The Singapore government in June 2006 launched its 10-year roadmap, dubbed Intelligent Nation 2015 (iN2015), in a bid to ensure the city-state would achieve economic and social benefits through the innovative use of infocomm technologies. Here's a look at how the Little Red Dot adopts ICT to gain more business intelligence and improve living standards.
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IT infrastructure is in place to support cloud environments in both private and public sectors, but user education and change management remain key barriers to adoption in Singapore.
Singapore SMBs should start "small" to justify their ROI and need to take the first step or be left behind, and the availability of pooled resources such as data scientists could encourage adoption, suggest participants in a ZDNet online dialogue.
Amid intensifying regional interest and potential competition, Singapore's future lies in filling niches such as in engineering consultancy. A sustainable ecosystem is also needed by supporting startups and promoting more companies to use 3D printing in product development.
Singapore government should take the lead by buying from local tech startups as well as introduce a special class of work visas to drive innovation and attract talent in the country, suggest participants in a ZDNet online dialogue.
Technology isn't the barrier to increasing business process automation. Instead, many Singapore businesses face difficulties instigating change within the organization and lack well-defined processes.
Despite being a stable economy where new technologies are encouraged, Singapore faces challenges as a neutral cybersecurity party due to its conservative business environment and lack of homegrown talent.
Enterprise e-mail clients may not appear to have changed much, but firms in Singapore are implementing innovations under the hood and integrating social and mobility to the business communications tool.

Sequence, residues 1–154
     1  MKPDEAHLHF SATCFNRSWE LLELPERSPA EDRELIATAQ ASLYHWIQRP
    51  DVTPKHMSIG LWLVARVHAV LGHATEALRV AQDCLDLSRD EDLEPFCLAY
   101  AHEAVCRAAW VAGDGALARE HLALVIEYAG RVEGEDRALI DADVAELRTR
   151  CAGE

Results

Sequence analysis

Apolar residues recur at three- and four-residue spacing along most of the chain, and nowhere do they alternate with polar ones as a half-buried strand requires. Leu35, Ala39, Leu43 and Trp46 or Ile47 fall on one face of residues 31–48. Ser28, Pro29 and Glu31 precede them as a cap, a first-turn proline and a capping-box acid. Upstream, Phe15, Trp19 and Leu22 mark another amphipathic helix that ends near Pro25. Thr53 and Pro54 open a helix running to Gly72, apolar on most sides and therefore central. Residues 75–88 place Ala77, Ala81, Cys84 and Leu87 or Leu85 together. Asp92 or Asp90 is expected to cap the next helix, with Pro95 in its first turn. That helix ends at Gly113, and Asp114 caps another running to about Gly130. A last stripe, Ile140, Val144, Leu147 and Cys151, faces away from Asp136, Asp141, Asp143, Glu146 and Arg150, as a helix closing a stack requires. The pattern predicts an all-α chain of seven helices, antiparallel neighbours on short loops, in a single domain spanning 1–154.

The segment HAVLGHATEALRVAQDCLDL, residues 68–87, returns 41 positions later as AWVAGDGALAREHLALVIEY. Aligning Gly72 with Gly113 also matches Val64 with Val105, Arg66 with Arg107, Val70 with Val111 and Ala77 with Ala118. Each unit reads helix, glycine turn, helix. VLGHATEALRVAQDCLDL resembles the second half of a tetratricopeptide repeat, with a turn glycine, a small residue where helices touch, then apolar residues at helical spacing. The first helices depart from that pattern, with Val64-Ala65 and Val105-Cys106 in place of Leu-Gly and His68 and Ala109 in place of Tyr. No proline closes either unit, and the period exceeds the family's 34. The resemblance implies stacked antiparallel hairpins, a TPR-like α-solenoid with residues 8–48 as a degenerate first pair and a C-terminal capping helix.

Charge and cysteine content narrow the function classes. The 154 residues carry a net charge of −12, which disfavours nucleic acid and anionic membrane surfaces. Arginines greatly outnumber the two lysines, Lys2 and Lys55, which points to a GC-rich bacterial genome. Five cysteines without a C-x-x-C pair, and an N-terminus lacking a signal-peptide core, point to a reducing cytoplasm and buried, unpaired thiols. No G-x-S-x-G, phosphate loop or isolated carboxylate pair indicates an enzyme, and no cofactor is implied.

In a list dominated by tech firms, the telco comes in 12th overall for companies Singapore professionals most want to work for, according to a LinkedIn study. IBM was top choice, followed by Microsoft and Accenture.
Evolving employee behavior and growing importance of digital marketing and commerce mean CIOs are losing some of their control in IT procurement and deployment to other C-level executives.
Government eyes more productivity and less reliance on foreign labor with schemes to reward small and midsize businesses for innovation, and co-fund wage raises for local workers.
Consumers and enterprises are already savvy, but supporting infrastructures need to catch up and offer functionalities retailers need to fully integrate location-based marketing into their business.
ZDNet's panel discussion threw up several interesting talking points such as the importance of reviewing analytic tools, the need to convince employees to adopt such tools, and user privacy.
Knowing the intent and meaning behind the unstructured data that gets analyzed is the next evolution for big data, and will help companies avoid making spurious decisions.
In the leadup to ZDNet Asia's Big Debate on Nov. 28, we put the spotlight on panelist Janet Ang, managing director of IBM Singapore.